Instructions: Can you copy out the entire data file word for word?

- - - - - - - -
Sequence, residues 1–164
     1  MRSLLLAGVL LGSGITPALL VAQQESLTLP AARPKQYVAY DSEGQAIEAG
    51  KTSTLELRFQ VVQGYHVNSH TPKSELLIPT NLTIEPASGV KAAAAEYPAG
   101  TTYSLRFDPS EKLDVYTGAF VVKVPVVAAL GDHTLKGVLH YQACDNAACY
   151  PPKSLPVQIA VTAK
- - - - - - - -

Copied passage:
Sequence, residues 1–164
     1  MRSLLLAGVL LGSGITPALL VAQQESLTLP AARPKQYVAY DSEGQAIEAG
    51  KTSTLELRFQ VVQGYHVNSH TPKSELLIPT NLTIEPASGV KAAAAEYPAG
   101  TTYSLRFDPS EKLDVYTGAF VVKVPVVAAL GDHTLKGVLH YQACDNAACY
   151  PPKSLPVQIA VTAK